While these devices are adequate for some applications, improvements in the design would facilitate the clinical procedures while improving the safety and clinical results. When used internally the potential exists for the lens mounting structure to fail and become detached leaving pieces of the device in the human body.

In summary, the prior art optical fibers for medical treatment utilizing microlenses on the end of an optical fiber have the following shortcomings:

1. They rely on a crimping procedure to secure the lens mounting device to the fiber optic jacket;

2. They produce an output which is not perfectly focused because the crimping procedure distorts the mounting device and therefore its ability to hold the fiber optic and the lens in position relative to each other;

3. They don't have the capacity to handle high-power applications;

4. They couple light out of the fiber inefficiently; and,

5. They do not provide a barrier for biological fluids such as blood. Such fluids can enter the microlens cavity and reduce the efficiency of the microlens.


An object of this invention is to provide a fiber optic microlens that does not require crimping or induce mechanical distortion of either the lens mounting device or the optical fiber.

It is a further object of this invention to provide a microlens for an optical fiber which is capable of handling high power. That is, it will not overheat when used to deliver the high levels of power required for treatment.

It is yet another object of the invention to provide a microlens for use with an optical fiber that is efficiently coupled to the optical fiber to reduce heating and increase efficiency.

It is still another object of this invention to provide a microlens assembly for use with an optical fiber which exclude biological fluids from contaminating or otherwise entering the microlens assembly during use.

The construction of the microlens assembly for achieving these and other objects of the invention will become apparent if we turn now to the drawings.


FIG. 1 is a prospective view of the microlens assembly of the present invention affixed to the distal end of an optical fiber.

FIG. 2 is a horizontal cutaway view of the improved microlens delivery system of the current invention shown in FIG. 1.

FIG. 3 is a horizontal cross-sectional view of the microlens delivery system of FIG. 1, wherein a coupling fluid is placed between the core of the optical fiber and the lens.

FIG. 4 is yet another horizontal, cross-sectional view of the microlens delivery system of FIG. 3 with a protective sheath surrounding the assembly.

FIG. 5 is a horizontal, cross-sectional view of the microlens delivery system of the present invention with the convex lens of FIGS. 1 through 4 replaced with a flat lens or graded index (GRIN) lens.


The microlens delivery system for use with an optical fiber is indicated in FIG. 1 at numeral 10. An optical fiber 13 has at its distal or treatment end a microlens 10 having two parts: a front mounting piece 11, and a rear mounting piece 12.

Turning now to FIG. 2, the microlens and the optical treatment fiber 13 are shown in cross section. The optical fiber 13 consists of an optically transmissive core 25 surrounding by a cladding 24 and an outer sheath 23. A portion 25a of the distal treatment end of the optical fiber 13 has the outer sheath 23 stripped away to expose the cladding 24. The rear mounting piece 12, which may be conveniently made from stainless steel, is affixed to the sheath 23 of the optical fiber 13 with a first adhesive 28. The portion 25a of the distal end of the fiber 13 is affixed to the rear mounting piece 12 by means of a second adhesive 26. A convex sapphire lens 21 is held in position within the front mounting piece 11 by means of lens retaining piece 22. The lens retaining piece 22 is attached to the front mounting piece 11 with third adhesive 29. All adhesives are chosen so that they are stable at high temperatures. All (or any two) of the adhesives may be the same. However, it is emphasized that the refractive index of the second adhesive is critical to the efficiency and safety of the device. If an improper refractive index adhesive is used, the light energy will be coupled out of portion 25a of the fiber 13 prior to reaching the tip of the fiber. Coupling the light energy out will reduce the overall efficiency of the device, and more critically, produce heat at the exit point. Such heat could potentially cause the system to fail.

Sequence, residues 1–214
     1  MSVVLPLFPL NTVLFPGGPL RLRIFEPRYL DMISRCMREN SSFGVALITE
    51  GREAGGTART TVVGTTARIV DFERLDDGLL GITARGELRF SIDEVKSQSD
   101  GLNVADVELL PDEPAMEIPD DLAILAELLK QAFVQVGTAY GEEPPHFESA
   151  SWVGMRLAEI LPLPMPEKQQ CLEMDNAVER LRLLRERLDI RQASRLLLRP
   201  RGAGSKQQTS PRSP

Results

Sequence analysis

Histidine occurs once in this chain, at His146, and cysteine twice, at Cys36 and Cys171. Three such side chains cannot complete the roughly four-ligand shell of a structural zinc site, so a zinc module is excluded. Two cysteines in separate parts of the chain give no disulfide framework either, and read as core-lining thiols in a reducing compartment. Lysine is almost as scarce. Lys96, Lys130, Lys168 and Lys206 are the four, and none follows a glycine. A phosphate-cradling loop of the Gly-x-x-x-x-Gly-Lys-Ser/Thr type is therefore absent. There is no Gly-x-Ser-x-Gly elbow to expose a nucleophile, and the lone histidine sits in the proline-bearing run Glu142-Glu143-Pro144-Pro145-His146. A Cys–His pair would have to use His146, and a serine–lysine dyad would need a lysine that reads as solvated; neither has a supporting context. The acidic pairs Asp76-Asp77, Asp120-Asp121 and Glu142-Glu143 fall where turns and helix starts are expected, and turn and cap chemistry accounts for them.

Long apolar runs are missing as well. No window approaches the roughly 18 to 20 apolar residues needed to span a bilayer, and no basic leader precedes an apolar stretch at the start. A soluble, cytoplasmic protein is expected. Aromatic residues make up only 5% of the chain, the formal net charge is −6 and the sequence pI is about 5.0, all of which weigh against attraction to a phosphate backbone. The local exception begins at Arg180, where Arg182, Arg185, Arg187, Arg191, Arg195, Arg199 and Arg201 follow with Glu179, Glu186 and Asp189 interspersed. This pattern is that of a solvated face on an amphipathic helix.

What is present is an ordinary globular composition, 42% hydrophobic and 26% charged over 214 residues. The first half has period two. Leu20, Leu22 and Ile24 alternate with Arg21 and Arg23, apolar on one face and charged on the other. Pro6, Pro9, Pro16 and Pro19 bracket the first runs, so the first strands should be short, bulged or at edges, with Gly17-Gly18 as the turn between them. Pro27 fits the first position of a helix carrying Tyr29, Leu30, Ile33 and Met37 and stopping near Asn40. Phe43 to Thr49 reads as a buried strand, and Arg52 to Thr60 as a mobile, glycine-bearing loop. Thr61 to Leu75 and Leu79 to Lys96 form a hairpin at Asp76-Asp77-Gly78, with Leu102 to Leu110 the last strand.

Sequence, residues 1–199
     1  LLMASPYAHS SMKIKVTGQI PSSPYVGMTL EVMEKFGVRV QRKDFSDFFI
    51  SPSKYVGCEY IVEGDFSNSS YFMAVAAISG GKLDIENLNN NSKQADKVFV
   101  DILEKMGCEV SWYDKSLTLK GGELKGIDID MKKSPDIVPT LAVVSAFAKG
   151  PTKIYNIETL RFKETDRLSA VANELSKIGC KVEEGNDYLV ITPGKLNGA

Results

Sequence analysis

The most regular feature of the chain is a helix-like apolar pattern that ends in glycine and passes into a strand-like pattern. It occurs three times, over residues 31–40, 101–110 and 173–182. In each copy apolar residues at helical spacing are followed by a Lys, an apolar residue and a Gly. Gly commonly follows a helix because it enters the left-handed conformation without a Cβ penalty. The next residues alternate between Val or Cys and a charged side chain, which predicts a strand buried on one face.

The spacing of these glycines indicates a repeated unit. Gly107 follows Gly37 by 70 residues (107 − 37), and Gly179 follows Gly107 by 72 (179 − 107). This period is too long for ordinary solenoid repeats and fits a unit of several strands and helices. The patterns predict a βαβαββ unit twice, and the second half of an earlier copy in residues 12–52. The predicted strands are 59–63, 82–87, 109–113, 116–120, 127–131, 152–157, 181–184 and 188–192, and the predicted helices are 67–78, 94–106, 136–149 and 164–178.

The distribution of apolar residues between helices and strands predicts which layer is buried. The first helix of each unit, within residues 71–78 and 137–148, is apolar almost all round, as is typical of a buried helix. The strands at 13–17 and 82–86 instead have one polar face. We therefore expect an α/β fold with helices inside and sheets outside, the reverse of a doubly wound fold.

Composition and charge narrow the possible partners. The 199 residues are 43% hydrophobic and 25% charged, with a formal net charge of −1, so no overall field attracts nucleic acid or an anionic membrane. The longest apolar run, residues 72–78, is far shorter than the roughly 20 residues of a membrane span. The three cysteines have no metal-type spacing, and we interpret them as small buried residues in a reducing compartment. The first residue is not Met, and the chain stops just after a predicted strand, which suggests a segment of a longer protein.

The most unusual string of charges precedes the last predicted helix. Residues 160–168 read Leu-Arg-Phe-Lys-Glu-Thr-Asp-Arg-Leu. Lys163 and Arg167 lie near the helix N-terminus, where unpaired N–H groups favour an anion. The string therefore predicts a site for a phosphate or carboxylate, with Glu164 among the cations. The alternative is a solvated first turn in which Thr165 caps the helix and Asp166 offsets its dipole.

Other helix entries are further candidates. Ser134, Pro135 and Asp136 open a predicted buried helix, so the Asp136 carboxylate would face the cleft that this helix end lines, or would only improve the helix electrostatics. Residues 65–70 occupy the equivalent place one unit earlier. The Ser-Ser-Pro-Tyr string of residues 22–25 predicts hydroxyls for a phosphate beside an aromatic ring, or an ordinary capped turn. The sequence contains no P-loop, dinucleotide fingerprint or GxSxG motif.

Turning now to FIG. 3, a second preferred embodiment 30 of the microlens is shown. In this embodiment the lens retaining ring 22 is replaced with a silicone plug 31. The microlens 30 is affixed to the fiber as described earlier in FIG. 2, however, the front lens mounting piece has apertures 32 and 33 therein providing fluid communication with the cylindrical interior chamber of the front mounting piece 11. Uncured silicone fluid is introduced through the fluid introduction port 32, and excess fluid leaves through the fluid draining port 33. In the event the fluid is silicone, it can be cured, leaving an optically transparent, solid plug in the cylindrical cavity behind the lens 21, holding the lens 21 securely in position with respect to the distal tip of the optical fiber core 25. The presence of the silicone plug within the front lens mounting piece serves as coupling fluid to efficiently couple light from the fiber optic to the lens with minimal reflection losses and additionally functions by excluding body fluids from entering the microlens mount.

In FIG. 4 a sheath 41 is added to unite and cover the microlens assembly 30 and the optical fiber 13 providing strength and integrity to the assembly. The addition of an outer sheath 41 to the microlens provides a redundant failsafe enclosure.